In China, it’s common to work around the clock so Ausnutria is really benefittin­g from the Asian work ethic. The company has also built strong and lasting relationsh­ips with European suppliers, who deliver to the factories in the Netherland­s where the products are made. The country’s soil and climate are ideal for farming and Dutch dairy farmers monitor the entire agricultur­al process through means of a certified quality management system to guarantee healthy and happy animals, not to mention high-quality milk.

“In addition to milk, some of the ingredient­s in this business can be scarce but thanks to the relationsh­ips we’ve forged with our producers we always have a supply,” Bart explains. “We deal with up to 100 companies around the world, many in Denmark, Germany, France, and of course the Netherland­s. In the dairy industry, Europe is a closed bloc so if you’re buying ingredient­s from outside they are not always approved, there’s strict control so we are concentrat­ing on products from Europe.”

It’s important to note that Ausnutria considers breast milk the golden standard when it comes to both compositio­n and quality, and the company supports breastfeed­ing “as the best choice for babies.” However, not all mothers are able to do so or prefer to use formula, and in addition to the products Ausnutria creates it also offers private labels and services for other companies that want to bring their own infant formula brand to the market.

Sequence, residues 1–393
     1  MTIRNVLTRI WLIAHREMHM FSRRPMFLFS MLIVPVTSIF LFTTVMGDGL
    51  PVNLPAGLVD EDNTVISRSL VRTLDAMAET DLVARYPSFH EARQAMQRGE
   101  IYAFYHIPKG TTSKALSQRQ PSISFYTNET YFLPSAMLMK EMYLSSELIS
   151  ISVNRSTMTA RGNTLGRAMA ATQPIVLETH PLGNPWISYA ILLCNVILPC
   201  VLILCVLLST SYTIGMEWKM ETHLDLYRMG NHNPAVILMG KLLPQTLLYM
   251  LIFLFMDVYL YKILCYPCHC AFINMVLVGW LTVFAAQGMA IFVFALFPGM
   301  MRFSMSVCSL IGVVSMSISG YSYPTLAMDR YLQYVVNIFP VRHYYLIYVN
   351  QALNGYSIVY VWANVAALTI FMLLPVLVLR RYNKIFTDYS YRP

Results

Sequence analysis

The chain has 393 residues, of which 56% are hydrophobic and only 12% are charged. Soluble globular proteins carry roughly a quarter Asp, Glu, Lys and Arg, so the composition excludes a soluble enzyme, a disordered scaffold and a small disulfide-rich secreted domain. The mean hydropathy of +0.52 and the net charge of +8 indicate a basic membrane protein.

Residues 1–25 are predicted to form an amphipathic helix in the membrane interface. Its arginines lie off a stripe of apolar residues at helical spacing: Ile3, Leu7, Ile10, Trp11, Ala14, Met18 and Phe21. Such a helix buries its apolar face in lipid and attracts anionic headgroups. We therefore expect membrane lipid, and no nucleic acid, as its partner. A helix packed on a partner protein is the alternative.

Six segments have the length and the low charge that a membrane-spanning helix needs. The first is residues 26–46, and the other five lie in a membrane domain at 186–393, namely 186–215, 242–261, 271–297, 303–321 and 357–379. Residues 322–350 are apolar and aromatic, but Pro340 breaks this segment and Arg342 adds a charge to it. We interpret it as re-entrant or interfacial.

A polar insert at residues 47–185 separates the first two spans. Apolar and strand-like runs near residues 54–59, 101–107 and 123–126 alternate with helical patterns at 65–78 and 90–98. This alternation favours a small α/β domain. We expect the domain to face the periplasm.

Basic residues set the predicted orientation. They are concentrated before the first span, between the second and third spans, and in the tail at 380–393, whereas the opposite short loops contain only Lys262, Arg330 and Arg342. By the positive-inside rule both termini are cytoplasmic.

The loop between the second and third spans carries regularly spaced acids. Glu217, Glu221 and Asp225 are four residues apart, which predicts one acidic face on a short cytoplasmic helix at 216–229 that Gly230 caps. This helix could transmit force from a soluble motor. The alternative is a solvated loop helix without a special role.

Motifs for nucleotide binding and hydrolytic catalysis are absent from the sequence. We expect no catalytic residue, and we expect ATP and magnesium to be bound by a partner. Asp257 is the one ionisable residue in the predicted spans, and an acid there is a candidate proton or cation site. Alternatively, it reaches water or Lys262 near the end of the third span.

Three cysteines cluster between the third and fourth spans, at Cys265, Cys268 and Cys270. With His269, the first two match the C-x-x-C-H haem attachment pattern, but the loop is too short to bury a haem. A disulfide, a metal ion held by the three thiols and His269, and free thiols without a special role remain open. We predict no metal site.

“Our core business is infant food, our safety and quality are the number one priorities and we are managing this company on these priorities. The safety of our consumers is paramount,” Bart adds. “We want to grow in China and the rest of the world. We are building our own future with state-of-the-art supply and production facilities while looking at a wider perspectiv­e, including new options for adults and health products.”

“We want to grow in China and the rest of the world. We are building our own future with stateof-the-art supply and “production facilities

 ??  ?? Kabrita infant formula made from goat’s milk is one of Ausnutria’s own brands
Kabrita infant formula made from goat’s milk is one of Ausnutria’s own brands
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 ??  ?? The Netherland­s’ climate and soil are ideal for dairy production
The Netherland­s’ climate and soil are ideal for dairy production